|Subject:||Drama & Music||Publisher:||Oxford University Press|
|Published:||April 11th 2018||Pages:||336|
The love song is timeless. From its beginnings, it has been shaped by bohemians and renegades, slaves and oppressed minorities, prostitutes, immigrants and other excluded groups. But what do we really know about the origins of these intimate expressions of the heart? And how have our changing perceptions about topics such as sexuality and gender roles changed our attitudes towards these songs? In Love Songs: The Hidden History, Ted Gioia uncovers the unexplored story of the love song for the first time. Drawing on two decades of research, Gioia presents the full range of love songs, from the fertility rites of ancient cultures to the sexualized YouTube videos of the present day. The book traces the battles over each new insurgency in the music of love - whether spurred by wandering scholars of medieval days or by four lads from Liverpool in more recent times. In these pages, Gioia reveals that the tenderest music has, in different eras, driven many of the most heated cultural conflicts, and how the humble love song has played a key role in expanding the sphere of individualism and personal autonomy in societies around the world. Gioia forefronts the conflicts, controversies, and the battles over censorship and suppression spurred by such music, revealing the outsiders and marginalized groups that have played a decisive role in shaping our songs of romance and courtship, and the ways their innovations have led to reprisals and strife. And he describes the surprising paths by which the love song has triumphed over these obstacles, and emerged as the dominant form of musical expression in modern society.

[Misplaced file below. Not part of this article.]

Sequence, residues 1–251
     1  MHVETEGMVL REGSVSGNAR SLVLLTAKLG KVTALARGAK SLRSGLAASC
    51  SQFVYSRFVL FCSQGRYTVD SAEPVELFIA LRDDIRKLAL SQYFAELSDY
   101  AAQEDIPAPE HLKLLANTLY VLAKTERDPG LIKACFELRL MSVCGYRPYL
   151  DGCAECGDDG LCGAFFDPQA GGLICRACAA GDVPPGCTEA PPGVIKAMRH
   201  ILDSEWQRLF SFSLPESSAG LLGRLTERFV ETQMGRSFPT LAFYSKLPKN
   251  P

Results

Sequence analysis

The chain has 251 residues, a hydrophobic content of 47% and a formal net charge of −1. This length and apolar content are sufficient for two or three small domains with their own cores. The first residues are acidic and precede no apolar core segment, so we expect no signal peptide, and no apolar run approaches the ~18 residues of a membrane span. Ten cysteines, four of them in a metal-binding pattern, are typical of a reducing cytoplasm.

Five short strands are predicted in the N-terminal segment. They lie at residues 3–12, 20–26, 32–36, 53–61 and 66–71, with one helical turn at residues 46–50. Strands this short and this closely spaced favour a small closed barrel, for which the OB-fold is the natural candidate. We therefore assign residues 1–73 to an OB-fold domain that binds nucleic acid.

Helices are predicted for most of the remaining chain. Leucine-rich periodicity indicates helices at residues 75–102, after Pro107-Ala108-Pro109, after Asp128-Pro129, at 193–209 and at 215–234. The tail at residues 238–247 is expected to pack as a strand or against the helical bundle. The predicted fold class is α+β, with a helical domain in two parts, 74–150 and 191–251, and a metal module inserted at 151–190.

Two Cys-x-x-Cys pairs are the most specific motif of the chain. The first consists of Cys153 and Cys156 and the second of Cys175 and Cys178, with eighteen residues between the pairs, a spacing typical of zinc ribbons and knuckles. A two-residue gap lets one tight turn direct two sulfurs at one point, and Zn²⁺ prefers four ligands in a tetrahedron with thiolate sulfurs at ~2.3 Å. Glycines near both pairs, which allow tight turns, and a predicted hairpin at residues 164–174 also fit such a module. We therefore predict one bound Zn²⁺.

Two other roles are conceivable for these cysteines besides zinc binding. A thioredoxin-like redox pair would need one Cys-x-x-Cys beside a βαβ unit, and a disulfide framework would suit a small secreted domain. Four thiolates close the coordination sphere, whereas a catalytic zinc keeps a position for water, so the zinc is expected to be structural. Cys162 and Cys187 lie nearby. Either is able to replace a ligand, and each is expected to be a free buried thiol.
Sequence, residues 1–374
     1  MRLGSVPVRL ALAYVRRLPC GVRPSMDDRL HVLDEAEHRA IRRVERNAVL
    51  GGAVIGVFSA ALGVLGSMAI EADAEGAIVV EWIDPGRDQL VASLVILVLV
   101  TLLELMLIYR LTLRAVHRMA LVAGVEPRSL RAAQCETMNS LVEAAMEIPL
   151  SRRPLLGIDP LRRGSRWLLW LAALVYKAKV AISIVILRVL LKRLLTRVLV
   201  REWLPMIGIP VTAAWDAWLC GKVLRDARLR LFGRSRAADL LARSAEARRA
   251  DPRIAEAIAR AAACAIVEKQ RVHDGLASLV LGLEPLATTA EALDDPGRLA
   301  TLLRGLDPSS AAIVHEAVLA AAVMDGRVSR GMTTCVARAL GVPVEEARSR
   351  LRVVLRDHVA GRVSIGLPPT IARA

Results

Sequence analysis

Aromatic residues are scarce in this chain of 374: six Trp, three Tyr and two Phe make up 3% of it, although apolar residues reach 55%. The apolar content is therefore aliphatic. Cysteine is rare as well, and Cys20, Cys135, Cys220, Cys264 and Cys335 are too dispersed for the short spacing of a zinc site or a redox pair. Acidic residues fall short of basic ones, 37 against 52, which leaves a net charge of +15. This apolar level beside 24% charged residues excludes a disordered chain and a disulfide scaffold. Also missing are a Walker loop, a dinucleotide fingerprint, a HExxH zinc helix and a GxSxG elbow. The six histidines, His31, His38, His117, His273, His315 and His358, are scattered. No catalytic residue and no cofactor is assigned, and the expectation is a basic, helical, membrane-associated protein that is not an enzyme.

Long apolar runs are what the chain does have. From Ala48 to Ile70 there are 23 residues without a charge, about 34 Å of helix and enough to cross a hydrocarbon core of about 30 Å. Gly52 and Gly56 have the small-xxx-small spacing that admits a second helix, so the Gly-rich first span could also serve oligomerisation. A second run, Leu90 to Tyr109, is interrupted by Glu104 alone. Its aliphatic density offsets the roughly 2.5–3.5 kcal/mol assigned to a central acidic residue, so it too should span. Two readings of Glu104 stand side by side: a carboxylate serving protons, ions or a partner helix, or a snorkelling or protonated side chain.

Ted Gioia is a music historian and the author of nine books, including The History of Jazz and Delta Blues, both selected as notable books of the year in The New York Times. Love Songs continues his pioneering research into the music of everday life, previously featured in Work Songs and Healing Songs, both winners of the ASCAP Deems Taylor Award.